Gambling’s allure as drama isn’t hard to dissect. It’s a lifestyle few of us would have the nerve to attempt, a world of smoky, dimly-lit casinos, back-rooms and bars — crippling hours, crumbling priorities and all manner of bad habits and bad choices driven by an addiction.
“Mississippi Grind” drew Ryan Reynolds, Sienna Miller, Alfre Woodard and Ben “Killing Them Softly/Bloodline” Mendelsohn with its seedy, sordid blend of fatalism, violence and melodrama. It’s a rambling, random, shambolic affair with little logic other than the geography of going from here to there — “here” being Dubuque, Iowa, where the gamblers Jerry and Curtis meet, and “there” being New Orleans, where the “big buy-in game” awaits.
And if it seems, in the end, pretty much pointless, that’s sort of the point. Few gambling tales have captured the masochistic self-destruction, the manic mood swings build on the flip of a card, a spin of the wheel or a dog or horse making the turn at the track as well.
Jerry’s (Mendelsohn) let his addiction take over his life. Surely Curtis (Reynolds) sees that. Curtis plops down at a table at one of those sad prairie-state casinos, starts chattering and sizes up the players. “I’m from all over,” he explains, in between stories and jokes.
Jerry, he’s decided, is a nice guy. And Jerry? He’ll take that offer to buy him a drink.
“Curtis. Like Tony?”
“No, Curtis, like Mayfield.”
Gamblers are on the lookout for signs, little messages from the universe. Curtis keeps talking about this atmospheric spectacle he caught earlier that day.
“Best. Rainbow. Ever.”
They notice a dog racing the next day with a rainbow connection. The University of Hawaii (Rainbow Warriors) are playing Gonzaga the next night. These are “signs.”
And they’re off, Curtis itchy to stay on the move, says “It’s Machu Pichu time.” That’s code for leaving a person, place or game. Jerry? He’s smitten by this stranger who takes an interest in him, even though Curtis won’t say (right away) what we all see.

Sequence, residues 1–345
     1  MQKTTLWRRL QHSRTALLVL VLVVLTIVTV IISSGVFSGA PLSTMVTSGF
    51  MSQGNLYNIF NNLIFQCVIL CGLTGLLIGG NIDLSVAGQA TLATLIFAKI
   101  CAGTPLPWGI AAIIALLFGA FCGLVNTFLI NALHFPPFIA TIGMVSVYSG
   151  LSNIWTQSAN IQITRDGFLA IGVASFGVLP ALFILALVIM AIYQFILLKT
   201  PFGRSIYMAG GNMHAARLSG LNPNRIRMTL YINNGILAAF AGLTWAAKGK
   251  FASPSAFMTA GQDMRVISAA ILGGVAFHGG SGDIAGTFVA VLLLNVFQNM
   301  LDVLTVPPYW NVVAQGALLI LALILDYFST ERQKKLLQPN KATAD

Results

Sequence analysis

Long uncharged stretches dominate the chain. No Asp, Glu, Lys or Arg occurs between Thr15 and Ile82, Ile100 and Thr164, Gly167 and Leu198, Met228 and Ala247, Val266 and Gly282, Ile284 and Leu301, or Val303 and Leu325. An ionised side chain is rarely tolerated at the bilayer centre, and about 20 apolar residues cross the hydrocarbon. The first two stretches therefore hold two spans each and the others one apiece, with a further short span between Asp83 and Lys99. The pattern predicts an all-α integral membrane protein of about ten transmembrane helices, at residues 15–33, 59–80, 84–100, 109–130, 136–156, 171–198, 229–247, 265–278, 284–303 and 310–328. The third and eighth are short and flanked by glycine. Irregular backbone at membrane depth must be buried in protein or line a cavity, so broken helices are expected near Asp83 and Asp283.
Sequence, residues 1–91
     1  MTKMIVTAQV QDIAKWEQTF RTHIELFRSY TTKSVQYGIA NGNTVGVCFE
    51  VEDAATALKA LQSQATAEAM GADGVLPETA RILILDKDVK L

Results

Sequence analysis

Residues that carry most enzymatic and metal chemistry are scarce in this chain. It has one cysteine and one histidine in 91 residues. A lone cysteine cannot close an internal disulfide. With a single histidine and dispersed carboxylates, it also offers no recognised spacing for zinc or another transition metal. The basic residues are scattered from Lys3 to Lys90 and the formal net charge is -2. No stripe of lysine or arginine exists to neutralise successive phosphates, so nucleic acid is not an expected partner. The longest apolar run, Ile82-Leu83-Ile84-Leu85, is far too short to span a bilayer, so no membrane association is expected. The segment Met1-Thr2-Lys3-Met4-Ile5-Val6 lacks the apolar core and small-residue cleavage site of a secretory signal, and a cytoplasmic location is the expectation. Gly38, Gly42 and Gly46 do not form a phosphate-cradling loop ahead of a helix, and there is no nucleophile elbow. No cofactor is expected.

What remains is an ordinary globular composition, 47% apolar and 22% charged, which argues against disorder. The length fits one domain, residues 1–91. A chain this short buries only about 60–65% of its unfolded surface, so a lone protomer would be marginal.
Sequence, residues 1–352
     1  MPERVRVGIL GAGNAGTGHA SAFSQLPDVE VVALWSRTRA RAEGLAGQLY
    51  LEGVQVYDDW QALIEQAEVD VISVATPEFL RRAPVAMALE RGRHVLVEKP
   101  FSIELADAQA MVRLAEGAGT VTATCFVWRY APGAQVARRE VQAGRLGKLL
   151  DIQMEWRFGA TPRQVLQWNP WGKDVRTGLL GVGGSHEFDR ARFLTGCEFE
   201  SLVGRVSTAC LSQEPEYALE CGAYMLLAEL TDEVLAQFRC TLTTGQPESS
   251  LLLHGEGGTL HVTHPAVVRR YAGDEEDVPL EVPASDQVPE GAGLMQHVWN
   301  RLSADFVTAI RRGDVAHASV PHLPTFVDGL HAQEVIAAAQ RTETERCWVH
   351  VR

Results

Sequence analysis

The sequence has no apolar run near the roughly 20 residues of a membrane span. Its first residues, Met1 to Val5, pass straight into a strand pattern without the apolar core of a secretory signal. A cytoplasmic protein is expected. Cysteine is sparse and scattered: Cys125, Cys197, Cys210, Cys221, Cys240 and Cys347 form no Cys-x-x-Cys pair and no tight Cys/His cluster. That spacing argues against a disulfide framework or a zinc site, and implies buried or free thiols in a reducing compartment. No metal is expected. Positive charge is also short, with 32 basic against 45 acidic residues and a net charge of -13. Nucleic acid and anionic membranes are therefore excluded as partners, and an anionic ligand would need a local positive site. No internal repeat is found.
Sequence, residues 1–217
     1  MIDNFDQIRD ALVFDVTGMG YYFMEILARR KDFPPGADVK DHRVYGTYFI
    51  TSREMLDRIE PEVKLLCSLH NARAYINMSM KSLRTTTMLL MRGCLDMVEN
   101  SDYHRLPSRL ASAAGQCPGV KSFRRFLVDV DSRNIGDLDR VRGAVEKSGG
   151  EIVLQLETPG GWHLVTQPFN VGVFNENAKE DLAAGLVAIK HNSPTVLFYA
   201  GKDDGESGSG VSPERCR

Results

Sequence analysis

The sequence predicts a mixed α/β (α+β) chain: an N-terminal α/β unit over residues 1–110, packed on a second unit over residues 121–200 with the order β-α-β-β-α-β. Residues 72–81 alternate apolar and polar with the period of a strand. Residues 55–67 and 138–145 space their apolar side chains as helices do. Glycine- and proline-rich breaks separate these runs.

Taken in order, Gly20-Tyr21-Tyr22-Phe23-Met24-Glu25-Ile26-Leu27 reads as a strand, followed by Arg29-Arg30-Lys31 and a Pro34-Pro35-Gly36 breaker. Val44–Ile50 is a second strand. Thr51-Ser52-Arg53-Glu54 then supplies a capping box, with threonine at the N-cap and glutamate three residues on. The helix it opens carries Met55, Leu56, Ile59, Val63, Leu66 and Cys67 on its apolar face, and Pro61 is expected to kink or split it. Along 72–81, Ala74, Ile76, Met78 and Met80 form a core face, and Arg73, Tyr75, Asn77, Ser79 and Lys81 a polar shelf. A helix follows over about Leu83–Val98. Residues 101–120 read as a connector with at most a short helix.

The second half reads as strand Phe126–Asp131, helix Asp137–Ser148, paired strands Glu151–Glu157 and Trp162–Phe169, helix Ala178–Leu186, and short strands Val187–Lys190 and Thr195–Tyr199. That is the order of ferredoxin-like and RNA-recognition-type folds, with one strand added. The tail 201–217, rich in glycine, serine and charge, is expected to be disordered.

“Some guys are born to lose.”
As they motor southward, layers peel away from this mismatched pair. Jerry skips out on his job and flees a bookie (Alfre Woodard, surprisingly), Curtis has a stop to make, with his hooker ladyfriend (Sienna Miller, earthy and inviting and needy).
The guys base their trip on fate, making decisions based on whether the “next guy outta the bathroom” is wearing glasses or not.
Filmmakers Anna Boden and Ryan Fleck built a career in features out of a pretty good documentary about Dominicans trying to make it in the North American minor leagues (“Sugar”). But like their debut feature (“It’s Kind of a Funny Story”), they show a better grasp of milieu and character better than they do of story.
“Mississippi Grind”‘s couple makes little sense as a couple. Is Curtis using Jerry, betting against this “born loser,” or is Jerry to help Curtis on his own path to self-destruction?
The ending feels like a cop-out, the coda doubles down on that shortcoming.
But Mendelsohn, playing another version of the guy you want to sit farthest from at the bar, and Miller and especially the charming, smarmy Reynolds, make this a game we’ll sit through, even if we’re never all in.
MPAA Rating: R for language
Running Time: 1:48